Incomplete disclosures of hate incident investigations produce fear, division, and social damage

Luana Maroja and Michael Lewis

We write as a Mt. Greylock School parent and a Williamstown resident. It was with some relief that we learned about the resolution of the first reported high school Zoom-bombing incident of Jan. 21 (a second Zoom bomb took place on March 1, as we were writing this piece). That day, parties unknown crashed a Zoom classroom to play a rap song containing the “n-word.” The incident was promptly reported on by the Record — Racist Zoom attack at Mt. Greylock HS targets College employees’ child. Further, President Maud S. Mandel sent an open letter to the Williams community, pointing out that Williamstown is not immune to the ills of racism and offering assistance to educate students about racism. 

It was reassuring to learn that this was not a hate incident and that no white supremacists were involved. According to the investigation by Mt. Greylock, the perpetrators were themselves students of color who, the school claims, had no intention of causing harm. However, we are concerned that Mt. Greylock has not released the full results of its investigation. Important questions remain. How many students were involved? What were their motives? Was the “victim” a friend of the perpetrators? The school should disclose everything it found out, omitting only the students’ names. Nothing is to be gained by withholding the findings. 

We are particularly disappointed that Mt. Greylock, instead of calming fears by celebrating the outcome of the investigation, has used it to reemphasize that there is pervasive racism in our community. It acts as if anything that calls attention to racism is good, even if it is a falsehood. But there are psychological and societal costs to this sort of thinking. Such a crisis-framing narrative drives people to resignation and fatalism, and generates division and unreasonable fear in our communities. People may feel that they are never safe, that the community is unwelcoming, and even that it is dangerous to walk the streets.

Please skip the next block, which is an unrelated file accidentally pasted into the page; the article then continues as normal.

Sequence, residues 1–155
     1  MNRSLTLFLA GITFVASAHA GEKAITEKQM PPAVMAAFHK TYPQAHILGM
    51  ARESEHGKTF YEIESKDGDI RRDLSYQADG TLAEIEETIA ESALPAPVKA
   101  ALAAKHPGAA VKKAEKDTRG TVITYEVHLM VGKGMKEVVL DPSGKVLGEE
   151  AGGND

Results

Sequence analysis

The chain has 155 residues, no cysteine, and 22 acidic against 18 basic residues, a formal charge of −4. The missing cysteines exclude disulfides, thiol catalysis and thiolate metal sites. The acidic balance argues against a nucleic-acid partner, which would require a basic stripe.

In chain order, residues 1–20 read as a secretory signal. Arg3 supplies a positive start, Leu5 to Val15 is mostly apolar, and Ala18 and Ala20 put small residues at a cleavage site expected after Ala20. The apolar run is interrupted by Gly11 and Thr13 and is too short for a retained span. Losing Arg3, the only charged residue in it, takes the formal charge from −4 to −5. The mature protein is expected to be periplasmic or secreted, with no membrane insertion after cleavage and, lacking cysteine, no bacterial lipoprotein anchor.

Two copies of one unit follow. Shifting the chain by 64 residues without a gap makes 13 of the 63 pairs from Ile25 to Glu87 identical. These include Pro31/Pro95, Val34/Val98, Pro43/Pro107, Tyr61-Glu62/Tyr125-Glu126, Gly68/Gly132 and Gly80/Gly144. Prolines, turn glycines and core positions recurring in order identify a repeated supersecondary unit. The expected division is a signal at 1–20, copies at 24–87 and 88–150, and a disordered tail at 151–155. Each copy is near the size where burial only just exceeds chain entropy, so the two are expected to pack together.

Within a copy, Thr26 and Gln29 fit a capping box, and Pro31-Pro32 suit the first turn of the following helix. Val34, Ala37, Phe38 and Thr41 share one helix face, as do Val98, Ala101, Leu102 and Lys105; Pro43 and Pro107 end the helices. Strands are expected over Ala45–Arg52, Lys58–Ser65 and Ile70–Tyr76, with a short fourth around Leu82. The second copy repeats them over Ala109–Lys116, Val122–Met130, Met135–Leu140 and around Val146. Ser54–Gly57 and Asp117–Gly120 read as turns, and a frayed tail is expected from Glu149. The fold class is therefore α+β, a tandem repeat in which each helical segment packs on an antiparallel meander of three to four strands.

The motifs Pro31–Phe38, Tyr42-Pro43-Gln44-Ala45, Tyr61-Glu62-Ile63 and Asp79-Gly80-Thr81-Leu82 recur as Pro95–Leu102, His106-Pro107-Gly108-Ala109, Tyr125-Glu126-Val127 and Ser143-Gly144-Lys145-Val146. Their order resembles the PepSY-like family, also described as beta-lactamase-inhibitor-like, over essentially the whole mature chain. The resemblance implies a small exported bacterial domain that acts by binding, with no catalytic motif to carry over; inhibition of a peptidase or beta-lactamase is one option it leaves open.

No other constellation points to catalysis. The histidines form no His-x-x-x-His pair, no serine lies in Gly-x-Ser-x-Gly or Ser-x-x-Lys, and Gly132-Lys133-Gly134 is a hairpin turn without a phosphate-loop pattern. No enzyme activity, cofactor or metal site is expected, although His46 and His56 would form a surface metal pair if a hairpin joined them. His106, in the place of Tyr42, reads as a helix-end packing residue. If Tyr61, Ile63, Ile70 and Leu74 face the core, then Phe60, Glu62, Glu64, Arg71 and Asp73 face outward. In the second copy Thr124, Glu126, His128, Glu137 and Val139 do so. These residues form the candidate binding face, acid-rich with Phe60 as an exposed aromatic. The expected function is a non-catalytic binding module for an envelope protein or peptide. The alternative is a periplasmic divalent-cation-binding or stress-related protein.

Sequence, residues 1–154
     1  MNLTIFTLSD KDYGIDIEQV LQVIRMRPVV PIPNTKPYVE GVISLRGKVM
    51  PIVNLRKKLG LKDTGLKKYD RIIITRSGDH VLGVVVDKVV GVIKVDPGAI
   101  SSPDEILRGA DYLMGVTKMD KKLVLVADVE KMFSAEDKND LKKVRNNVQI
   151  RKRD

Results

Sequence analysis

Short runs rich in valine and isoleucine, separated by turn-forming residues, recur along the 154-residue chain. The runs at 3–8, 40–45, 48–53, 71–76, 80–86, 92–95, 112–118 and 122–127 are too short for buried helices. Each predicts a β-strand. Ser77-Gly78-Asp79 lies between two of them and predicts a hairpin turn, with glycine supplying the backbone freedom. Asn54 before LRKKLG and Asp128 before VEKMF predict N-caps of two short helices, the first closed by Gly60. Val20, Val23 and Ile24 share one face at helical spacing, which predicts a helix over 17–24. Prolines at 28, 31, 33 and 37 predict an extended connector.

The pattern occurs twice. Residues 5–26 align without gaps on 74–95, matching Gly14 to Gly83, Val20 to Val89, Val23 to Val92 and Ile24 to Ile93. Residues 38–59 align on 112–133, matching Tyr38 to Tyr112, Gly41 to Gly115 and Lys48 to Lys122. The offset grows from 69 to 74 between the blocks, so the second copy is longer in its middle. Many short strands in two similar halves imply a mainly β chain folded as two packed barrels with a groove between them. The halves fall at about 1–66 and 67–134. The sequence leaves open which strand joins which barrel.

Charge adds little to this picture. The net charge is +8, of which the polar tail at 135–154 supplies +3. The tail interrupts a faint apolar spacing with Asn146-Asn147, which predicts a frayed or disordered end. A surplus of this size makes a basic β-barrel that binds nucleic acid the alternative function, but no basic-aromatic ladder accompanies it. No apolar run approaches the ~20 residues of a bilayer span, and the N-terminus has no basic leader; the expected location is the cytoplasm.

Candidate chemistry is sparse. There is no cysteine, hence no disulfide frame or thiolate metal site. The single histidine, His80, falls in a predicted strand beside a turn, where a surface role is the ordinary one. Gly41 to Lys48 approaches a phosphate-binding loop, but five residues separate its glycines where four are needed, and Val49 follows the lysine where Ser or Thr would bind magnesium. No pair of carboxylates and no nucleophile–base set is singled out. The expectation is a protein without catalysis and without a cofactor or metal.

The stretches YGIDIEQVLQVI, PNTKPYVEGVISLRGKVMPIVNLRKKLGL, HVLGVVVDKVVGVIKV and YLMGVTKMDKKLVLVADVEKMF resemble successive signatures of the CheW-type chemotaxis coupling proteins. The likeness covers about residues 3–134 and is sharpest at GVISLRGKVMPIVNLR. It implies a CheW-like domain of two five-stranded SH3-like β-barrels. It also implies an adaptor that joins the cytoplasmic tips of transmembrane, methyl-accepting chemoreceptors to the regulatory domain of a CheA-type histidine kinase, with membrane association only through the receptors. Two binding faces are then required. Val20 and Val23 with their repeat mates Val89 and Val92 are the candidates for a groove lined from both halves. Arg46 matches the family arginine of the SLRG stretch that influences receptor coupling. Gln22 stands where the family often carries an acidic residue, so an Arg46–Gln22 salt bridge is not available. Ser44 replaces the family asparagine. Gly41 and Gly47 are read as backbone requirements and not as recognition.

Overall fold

Bias and racism are real, and should be opposed, but we should also realize that not every event is proof of widespread racism. In fact, Black political scientist Wilfred Reilly demonstrates empirically in his Hate Crime Hoax: How the Left Is Selling a Fake Race War (2019) that a significant percentage of alleged hate crimes turn out to be, on investigation, not hate crimes at all. Rather, they are often “inside jobs” in which the perpetrators, for various reasons, pretend to attack their own group. This is why it is essential to give the retraction of every false hate incident the same publicity and attention that the original incident received. 

Williams has done this on three occasions: an incident in November 2012 involving an erased racial slur on a whiteboard in Mission, another in October 2015 the so-called “Taco 6” costume affair, and one in November 2016 when “AMKKK KILL” graffiti was found in Griffin. In each case, the administration communicated that its investigation had determined the event was not an act of hate. 

We hope that future and current investigations will be made fully transparent to the community so we can continue to work towards inclusion without accepting false narratives that sow division. 

Luana Maroja is an associate professor of biology. Michael Lewis is a professor of art history.